So we made our way to Wilmington for a couple of nights mostly to get a feel for it.  Could it be our future home?  The darn problem was that we arrived in a rain storm; then our converter blew, crashing the monster’s electrical system, which meant we spent a chilly night in the belly of the beast.  Friday morning, Knightsmama and I did the adult thing:  we cried and pleaded with a RV repair company, and by noon, there was light and heat, just in time for the temperature to plunge into the twenties.  Still we explored the town a little, roaming to downtown, the community college, the university, the beach and a coffee shop. Because it is a new year and I need to deal with the tire around the belly, I passed Front Street Brewery with averted eyes.   By the time darkness fell, Wilmington was still on the list of possible futures.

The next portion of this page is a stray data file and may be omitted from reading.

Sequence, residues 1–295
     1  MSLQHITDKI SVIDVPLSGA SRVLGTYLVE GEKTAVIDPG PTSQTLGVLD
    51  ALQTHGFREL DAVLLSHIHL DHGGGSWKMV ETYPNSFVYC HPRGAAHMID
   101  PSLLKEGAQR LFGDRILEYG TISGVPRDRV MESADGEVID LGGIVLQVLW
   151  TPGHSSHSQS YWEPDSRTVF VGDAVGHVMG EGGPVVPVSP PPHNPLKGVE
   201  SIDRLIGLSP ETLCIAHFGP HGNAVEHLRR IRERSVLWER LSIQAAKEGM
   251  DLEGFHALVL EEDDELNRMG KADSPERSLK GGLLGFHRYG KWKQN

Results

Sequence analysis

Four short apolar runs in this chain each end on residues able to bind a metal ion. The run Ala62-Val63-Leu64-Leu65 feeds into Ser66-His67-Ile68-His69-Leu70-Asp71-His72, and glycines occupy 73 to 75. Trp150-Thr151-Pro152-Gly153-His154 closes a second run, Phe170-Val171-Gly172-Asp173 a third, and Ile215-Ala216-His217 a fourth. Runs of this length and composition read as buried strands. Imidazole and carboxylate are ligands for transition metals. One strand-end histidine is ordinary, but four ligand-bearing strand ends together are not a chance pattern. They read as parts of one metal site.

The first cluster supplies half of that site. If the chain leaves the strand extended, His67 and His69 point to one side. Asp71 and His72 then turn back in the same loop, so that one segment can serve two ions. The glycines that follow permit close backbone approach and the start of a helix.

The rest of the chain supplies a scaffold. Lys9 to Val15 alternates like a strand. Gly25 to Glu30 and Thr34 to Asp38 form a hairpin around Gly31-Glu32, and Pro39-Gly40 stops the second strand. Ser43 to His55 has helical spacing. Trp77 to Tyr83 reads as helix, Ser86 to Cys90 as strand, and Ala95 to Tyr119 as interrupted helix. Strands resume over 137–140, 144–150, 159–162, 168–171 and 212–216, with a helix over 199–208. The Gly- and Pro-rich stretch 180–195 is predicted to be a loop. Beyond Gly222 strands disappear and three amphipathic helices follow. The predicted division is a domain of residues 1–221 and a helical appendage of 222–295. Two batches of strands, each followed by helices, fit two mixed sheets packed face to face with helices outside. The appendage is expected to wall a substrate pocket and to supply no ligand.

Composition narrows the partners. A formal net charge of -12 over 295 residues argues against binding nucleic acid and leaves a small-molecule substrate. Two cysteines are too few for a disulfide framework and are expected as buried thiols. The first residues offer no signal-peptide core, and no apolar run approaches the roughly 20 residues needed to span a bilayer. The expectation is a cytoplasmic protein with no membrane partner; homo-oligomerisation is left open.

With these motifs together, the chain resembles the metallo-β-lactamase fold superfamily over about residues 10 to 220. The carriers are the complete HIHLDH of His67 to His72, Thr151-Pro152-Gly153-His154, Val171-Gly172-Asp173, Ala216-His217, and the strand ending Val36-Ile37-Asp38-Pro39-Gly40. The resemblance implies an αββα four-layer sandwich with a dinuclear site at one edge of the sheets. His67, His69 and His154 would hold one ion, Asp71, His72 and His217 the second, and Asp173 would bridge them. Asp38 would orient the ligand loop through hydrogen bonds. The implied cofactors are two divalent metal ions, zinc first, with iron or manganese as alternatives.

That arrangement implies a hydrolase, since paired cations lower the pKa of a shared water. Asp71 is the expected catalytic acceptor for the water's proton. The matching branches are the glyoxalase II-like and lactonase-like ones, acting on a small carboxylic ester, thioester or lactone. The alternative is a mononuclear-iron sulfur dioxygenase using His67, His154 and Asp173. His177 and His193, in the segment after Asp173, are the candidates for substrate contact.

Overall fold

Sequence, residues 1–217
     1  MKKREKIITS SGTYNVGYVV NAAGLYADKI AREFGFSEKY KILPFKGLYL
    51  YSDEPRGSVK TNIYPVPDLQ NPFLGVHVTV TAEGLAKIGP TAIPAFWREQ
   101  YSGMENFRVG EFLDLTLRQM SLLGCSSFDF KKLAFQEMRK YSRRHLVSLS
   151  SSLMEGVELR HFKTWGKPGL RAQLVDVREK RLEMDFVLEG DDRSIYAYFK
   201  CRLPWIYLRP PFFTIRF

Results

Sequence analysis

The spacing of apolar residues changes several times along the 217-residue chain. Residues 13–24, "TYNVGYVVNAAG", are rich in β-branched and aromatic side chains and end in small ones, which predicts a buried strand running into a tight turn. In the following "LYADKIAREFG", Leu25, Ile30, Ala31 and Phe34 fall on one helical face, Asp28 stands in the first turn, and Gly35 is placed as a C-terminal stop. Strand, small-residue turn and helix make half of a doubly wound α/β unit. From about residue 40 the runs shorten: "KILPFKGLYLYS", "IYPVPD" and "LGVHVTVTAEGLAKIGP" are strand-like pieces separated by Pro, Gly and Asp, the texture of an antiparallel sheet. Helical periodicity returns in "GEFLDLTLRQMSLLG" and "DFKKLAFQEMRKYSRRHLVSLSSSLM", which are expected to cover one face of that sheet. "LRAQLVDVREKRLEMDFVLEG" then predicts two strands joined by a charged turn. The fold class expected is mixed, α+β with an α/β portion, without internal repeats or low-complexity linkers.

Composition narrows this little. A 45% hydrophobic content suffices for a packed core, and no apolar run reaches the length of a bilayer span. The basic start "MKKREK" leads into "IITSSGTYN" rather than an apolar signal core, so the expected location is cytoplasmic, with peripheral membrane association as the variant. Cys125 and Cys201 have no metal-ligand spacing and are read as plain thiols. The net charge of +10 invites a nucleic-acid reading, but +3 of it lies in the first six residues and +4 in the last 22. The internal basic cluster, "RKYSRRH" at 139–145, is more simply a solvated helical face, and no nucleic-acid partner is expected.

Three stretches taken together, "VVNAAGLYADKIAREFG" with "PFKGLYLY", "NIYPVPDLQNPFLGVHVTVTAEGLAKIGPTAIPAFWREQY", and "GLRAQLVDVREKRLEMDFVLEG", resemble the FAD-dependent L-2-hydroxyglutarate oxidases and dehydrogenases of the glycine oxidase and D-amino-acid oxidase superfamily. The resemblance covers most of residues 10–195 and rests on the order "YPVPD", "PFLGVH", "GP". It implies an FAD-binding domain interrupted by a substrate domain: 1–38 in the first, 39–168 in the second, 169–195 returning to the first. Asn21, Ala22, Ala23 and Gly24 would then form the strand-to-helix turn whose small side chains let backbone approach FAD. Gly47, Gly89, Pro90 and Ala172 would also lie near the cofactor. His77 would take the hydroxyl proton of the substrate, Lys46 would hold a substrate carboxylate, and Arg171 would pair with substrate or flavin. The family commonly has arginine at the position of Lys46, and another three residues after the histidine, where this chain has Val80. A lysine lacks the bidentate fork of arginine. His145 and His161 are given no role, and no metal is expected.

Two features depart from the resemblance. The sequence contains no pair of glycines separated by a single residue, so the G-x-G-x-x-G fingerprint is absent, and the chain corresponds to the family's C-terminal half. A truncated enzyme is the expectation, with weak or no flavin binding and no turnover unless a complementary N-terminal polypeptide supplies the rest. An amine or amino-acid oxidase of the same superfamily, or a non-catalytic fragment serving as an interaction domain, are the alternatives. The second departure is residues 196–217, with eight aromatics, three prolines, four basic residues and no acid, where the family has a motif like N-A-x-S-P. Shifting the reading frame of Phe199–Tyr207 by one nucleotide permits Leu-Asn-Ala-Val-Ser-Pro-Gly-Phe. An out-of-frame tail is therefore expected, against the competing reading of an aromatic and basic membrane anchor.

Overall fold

June 4.  By 9:30 in the morning, Waller Grant was rumbling out of town.  The plan was to head south to Charleston, South Carolina, for three days, then down to Savannah for the same amount of time, all to taste a little Southern Aristocracy, then, for some down home Southern hospitality, to veer over to central Georgia and visit the homeland of the Wallers, from whence Mackdaddy, Knightsmama’s father, emerged decades ago.  Mackdaddy himself had recently driven through this territory.  He and his girlfriend had joined us at The Honey Comb Inn for four days wrapped around Christmas.  They had made their way to Charleston, then to Georgia to visit his family, and finally back to Texas where they had arrived the day before.  Word is they stopped for a little gambling in Bossier City where Mackdaddy drove away a full forty dollars richer.